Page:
California just became the latest state to announce a Right to Repair bill—making it the eighteenth state considering this legislation this year. If passed, Right to Repair legislation would require manufacturers to publish repair information and make replacement parts and diagnostic tools available to consumers.
Assemblymember Susan Talamantes Eggman has just announced that she will be introducing the California Right to Repair Act. She states, “The Right to Repair Act will provide consumers with the freedom to have their electronic products and appliances fixed by a repair shop or service provider of their choice, a practice that was taken for granted a generation ago but is now becoming increasingly rare in a world of planned obsolescence.”
Proponents hold that these laws will encourage consumers to repair—instead of trash and replace—their products. By loosening manufacturer-imposed restrictions on parts availability and providing service information, more repairs will become more accessible. And it goes further than that—Right to Repair legislation would also help to return competition to the marketplace, giving consumers more options about where and how to repair their products. This not only creates jobs, but it also reduces the environmental impact of e-waste.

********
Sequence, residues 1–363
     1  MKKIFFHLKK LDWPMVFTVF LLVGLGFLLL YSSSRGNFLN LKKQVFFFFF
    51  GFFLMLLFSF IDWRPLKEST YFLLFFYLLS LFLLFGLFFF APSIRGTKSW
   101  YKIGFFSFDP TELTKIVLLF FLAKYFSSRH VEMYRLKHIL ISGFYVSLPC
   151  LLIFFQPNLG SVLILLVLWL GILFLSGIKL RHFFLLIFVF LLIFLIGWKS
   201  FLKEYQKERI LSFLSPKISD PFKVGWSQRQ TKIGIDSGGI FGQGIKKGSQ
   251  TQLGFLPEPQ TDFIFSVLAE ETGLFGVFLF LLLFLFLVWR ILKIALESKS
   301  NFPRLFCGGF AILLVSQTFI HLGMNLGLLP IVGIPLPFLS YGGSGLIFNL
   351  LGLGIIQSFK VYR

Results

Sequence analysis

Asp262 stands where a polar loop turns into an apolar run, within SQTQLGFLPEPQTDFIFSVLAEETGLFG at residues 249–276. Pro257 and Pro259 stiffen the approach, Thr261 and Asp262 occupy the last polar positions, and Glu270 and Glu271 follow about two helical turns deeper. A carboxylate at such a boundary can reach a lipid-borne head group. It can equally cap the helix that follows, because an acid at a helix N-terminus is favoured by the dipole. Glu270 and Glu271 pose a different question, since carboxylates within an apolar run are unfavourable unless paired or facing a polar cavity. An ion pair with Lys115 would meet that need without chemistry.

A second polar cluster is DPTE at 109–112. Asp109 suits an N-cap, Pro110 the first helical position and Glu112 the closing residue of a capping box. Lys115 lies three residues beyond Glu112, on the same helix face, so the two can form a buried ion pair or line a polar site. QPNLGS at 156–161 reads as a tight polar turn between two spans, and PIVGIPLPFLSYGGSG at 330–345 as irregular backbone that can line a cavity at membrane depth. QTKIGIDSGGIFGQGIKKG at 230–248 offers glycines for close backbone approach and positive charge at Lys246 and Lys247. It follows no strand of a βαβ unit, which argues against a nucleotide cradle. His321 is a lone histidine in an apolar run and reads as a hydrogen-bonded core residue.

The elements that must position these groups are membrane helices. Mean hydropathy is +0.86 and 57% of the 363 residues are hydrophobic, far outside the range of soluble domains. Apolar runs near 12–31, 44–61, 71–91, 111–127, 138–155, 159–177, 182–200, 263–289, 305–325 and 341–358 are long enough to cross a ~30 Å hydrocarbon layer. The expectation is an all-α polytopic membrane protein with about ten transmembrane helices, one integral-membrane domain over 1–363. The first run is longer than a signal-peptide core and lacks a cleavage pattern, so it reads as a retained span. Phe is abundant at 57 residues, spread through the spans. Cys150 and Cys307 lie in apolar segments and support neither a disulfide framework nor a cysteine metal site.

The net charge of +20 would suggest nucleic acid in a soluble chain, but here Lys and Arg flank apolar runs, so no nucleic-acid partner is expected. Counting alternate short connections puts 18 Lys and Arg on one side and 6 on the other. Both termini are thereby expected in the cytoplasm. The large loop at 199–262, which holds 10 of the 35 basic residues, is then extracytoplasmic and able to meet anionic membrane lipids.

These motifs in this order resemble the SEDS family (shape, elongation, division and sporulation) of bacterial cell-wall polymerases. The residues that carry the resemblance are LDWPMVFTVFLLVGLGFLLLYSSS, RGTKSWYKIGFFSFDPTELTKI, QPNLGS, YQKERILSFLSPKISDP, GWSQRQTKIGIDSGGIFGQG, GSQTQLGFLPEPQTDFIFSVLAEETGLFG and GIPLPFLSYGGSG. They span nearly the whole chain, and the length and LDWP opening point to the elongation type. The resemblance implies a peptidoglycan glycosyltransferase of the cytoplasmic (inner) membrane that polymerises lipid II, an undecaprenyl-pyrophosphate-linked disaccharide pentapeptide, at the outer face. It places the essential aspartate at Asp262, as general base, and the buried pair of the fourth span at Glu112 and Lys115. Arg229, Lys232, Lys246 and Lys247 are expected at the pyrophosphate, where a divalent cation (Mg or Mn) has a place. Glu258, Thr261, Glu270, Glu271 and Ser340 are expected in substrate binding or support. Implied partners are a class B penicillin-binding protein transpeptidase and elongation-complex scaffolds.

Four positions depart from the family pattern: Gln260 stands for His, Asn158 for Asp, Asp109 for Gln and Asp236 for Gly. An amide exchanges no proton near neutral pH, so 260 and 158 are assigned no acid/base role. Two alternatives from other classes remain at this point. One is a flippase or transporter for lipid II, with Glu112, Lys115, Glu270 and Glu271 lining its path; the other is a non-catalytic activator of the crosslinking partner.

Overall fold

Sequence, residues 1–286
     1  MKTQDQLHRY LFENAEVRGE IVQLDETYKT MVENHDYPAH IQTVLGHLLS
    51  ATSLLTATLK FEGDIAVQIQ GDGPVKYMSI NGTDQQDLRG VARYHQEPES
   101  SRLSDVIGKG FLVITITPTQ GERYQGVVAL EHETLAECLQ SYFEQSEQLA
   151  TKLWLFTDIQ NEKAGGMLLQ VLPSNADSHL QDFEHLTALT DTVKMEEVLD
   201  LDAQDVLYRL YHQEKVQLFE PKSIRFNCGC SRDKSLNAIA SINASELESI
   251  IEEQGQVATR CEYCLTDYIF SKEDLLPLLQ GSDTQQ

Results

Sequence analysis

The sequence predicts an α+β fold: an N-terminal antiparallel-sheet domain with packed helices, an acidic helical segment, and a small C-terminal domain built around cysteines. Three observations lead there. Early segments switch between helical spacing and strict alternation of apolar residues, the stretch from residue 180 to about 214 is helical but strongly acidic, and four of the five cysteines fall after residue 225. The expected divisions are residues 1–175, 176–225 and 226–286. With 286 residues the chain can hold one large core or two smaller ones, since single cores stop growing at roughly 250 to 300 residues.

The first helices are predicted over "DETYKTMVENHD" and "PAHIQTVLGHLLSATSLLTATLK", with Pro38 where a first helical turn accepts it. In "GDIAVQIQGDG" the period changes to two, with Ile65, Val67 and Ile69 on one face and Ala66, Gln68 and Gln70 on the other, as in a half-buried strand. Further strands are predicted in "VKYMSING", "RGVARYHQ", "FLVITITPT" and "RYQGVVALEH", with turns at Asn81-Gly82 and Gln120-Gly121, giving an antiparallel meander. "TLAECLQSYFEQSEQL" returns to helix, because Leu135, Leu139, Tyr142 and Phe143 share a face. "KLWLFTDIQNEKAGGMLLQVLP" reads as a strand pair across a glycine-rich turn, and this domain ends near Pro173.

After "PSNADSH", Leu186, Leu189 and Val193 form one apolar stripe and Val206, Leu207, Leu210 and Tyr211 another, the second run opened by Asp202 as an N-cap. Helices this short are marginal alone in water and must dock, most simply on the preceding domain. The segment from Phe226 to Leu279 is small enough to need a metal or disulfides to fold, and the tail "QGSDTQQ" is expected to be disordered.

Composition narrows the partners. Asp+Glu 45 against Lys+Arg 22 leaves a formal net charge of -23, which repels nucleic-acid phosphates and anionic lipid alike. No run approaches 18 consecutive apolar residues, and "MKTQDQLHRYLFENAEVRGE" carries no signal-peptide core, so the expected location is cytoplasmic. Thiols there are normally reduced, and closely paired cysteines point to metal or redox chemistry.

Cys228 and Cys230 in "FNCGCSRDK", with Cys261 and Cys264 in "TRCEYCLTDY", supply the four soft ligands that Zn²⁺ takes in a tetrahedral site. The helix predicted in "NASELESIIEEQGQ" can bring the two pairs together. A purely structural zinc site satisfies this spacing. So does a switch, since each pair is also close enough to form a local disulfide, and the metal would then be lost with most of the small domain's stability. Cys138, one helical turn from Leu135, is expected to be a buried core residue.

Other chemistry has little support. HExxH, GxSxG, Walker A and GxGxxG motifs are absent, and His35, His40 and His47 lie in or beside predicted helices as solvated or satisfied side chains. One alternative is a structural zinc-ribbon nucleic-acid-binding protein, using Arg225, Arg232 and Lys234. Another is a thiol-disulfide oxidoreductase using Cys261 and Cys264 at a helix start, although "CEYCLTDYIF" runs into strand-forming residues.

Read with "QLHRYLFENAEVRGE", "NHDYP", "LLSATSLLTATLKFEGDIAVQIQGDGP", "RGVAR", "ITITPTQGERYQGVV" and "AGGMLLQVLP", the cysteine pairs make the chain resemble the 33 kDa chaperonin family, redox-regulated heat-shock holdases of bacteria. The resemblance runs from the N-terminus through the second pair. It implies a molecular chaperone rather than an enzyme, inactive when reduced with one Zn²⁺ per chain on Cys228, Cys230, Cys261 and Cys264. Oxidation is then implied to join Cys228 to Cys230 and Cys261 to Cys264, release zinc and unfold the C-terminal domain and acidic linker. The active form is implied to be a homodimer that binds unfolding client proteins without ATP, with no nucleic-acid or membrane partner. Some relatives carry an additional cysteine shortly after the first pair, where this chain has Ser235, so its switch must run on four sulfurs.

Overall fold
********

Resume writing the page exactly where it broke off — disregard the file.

This year’s Right to Repair fight has gained considerable momentum—surpassing the twelve states who fought last year. California joins seventeen other states so far, including: Washington, Massachusetts, Vermont, New York, Hawaii, Illinois, Iowa, Kansas, Minnesota, Missouri, North Carolina, Nebraska, New Hampshire, New Jersey, Oklahoma, Tennessee, and Virginia.
For additional information about Right to Repair legislation in California, please visit Repair.org. Organizations like Repair.org are fighting for your right to repair—they make it easy to contact your California representatives. You can also do it the old-fashioned way and call them up. Let them know you care about repair and won’t be chained to monopolies. Every voice counts.
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